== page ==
analysisBy Carolyn Raphaely
Nine years after a horrifying episode of indiscriminate mass-beatings, torture and violent attacks imposed on St Albans prison inmates by warders and other State officials, none of the implicated warders have been either charged, or dismissed. So, last week Port Elizabeth human rights lawyer, Egon Oswald, wrote to the newly-appointed Minister of Justice and Correctional Services requesting "motivated reasons" why disciplinary proceedings against the warders had been withdrawn.
Oswald's letter to Minister Michael Masutha, copied to Amnesty International and the UN Human Rights Committee (UNHRC), was written just as a civil claim for damages instituted against the Minister by the first four of 231 torture-survivors was getting underway in the PE High Court. Acting on behalf of the plaintiffs, Oswald informed Minister Masutha that if he didn't reply in ten days, he would have "no choice but to approach the High Court on review and to initiate an international campaign to hold SA accountable to its obligations in international law".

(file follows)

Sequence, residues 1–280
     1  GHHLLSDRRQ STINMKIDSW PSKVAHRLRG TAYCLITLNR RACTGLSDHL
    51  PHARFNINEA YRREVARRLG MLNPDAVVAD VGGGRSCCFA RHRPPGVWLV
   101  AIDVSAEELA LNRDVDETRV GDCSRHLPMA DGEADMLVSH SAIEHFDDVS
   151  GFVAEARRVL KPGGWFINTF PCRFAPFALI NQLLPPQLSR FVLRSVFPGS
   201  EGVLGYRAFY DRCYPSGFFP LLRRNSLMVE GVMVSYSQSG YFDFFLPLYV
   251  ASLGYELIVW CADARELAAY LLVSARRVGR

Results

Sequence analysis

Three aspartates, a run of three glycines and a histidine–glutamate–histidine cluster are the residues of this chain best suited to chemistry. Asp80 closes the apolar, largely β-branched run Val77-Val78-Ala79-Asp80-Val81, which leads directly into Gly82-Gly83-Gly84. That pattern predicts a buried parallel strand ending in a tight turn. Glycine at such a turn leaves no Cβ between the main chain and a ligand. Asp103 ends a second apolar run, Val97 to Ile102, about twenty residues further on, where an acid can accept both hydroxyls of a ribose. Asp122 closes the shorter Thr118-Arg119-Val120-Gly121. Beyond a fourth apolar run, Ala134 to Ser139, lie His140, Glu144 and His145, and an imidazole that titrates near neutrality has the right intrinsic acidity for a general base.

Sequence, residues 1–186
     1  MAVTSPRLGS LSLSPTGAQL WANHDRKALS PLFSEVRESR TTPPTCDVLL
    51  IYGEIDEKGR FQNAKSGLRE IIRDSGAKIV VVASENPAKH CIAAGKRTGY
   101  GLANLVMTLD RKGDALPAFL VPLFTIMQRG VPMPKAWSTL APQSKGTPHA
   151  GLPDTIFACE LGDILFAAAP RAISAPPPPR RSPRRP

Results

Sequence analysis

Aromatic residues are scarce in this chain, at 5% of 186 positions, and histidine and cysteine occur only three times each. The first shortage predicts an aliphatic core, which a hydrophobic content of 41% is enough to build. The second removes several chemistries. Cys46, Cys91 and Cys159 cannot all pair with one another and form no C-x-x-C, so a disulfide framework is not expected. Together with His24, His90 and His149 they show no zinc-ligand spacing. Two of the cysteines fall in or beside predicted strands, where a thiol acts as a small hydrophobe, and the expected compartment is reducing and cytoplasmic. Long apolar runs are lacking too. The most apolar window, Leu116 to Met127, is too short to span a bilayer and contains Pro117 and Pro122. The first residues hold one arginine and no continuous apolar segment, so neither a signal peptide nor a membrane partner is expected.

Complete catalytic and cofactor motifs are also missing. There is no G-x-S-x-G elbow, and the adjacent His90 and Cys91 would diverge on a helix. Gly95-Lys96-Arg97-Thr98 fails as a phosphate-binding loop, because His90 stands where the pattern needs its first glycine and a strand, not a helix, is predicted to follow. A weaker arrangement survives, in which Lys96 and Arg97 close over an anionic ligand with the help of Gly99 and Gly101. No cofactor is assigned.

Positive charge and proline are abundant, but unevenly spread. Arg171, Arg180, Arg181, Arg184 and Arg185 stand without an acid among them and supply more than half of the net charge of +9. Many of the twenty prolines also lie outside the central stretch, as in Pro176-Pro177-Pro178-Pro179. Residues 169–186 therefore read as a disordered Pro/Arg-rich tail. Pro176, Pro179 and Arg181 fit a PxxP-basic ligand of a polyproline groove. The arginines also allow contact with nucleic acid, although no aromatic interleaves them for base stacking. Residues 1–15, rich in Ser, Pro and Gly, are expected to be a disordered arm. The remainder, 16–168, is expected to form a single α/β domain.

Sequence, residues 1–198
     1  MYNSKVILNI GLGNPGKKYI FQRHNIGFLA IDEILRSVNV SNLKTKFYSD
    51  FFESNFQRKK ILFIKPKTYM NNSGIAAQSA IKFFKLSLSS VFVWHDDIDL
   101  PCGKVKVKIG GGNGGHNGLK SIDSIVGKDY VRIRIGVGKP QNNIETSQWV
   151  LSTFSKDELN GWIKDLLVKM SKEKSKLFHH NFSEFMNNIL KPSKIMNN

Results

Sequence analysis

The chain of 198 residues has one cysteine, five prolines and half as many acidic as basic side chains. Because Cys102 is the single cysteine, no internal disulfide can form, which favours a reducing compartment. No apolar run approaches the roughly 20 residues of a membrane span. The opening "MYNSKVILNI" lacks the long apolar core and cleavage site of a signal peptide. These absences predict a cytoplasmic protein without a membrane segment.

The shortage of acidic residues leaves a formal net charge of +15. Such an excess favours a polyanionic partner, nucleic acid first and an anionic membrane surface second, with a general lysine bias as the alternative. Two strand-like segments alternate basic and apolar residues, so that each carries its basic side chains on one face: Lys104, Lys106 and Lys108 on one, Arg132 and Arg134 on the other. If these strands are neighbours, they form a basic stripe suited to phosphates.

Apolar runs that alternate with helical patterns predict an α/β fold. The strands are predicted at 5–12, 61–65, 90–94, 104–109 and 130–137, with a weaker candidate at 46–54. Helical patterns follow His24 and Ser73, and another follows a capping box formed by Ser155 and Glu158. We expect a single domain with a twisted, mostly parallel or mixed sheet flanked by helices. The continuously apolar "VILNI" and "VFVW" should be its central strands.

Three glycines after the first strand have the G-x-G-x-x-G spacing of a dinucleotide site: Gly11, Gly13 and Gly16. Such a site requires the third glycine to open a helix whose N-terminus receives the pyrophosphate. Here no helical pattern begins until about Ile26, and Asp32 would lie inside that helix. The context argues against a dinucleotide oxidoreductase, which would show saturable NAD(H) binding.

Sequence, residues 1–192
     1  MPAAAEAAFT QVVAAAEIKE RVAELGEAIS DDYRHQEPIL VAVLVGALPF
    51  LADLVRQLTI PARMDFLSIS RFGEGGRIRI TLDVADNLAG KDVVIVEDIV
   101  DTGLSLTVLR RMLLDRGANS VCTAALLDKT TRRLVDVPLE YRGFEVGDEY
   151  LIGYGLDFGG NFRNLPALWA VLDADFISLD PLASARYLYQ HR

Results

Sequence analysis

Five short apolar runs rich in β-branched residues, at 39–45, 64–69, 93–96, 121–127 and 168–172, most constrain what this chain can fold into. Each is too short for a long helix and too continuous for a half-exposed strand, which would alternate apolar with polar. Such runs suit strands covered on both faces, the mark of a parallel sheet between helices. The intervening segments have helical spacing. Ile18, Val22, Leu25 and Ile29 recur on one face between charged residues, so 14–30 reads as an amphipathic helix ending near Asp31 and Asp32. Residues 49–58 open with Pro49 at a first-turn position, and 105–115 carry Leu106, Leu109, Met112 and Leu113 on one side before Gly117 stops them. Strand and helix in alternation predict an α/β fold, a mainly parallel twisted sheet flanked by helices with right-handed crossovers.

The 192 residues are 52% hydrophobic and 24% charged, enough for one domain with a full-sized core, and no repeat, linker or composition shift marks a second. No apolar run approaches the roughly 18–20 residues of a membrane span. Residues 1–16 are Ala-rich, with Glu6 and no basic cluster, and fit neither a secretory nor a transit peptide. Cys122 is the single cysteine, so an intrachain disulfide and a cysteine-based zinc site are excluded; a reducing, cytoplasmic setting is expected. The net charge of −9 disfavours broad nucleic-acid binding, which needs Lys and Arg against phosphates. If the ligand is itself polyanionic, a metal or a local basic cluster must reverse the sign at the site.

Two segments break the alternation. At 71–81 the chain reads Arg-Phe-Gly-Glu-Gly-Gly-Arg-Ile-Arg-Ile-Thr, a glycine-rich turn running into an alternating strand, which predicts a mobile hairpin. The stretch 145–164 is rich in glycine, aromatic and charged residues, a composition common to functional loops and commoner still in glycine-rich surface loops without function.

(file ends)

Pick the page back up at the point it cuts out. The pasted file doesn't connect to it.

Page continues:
According to Oswald, "international laws against torture are under-pinned by moral and ethical imperatives. SA has obligations in terms of being a signatory to international human rights instruments like the UN Convention against Torture and other Cruel,...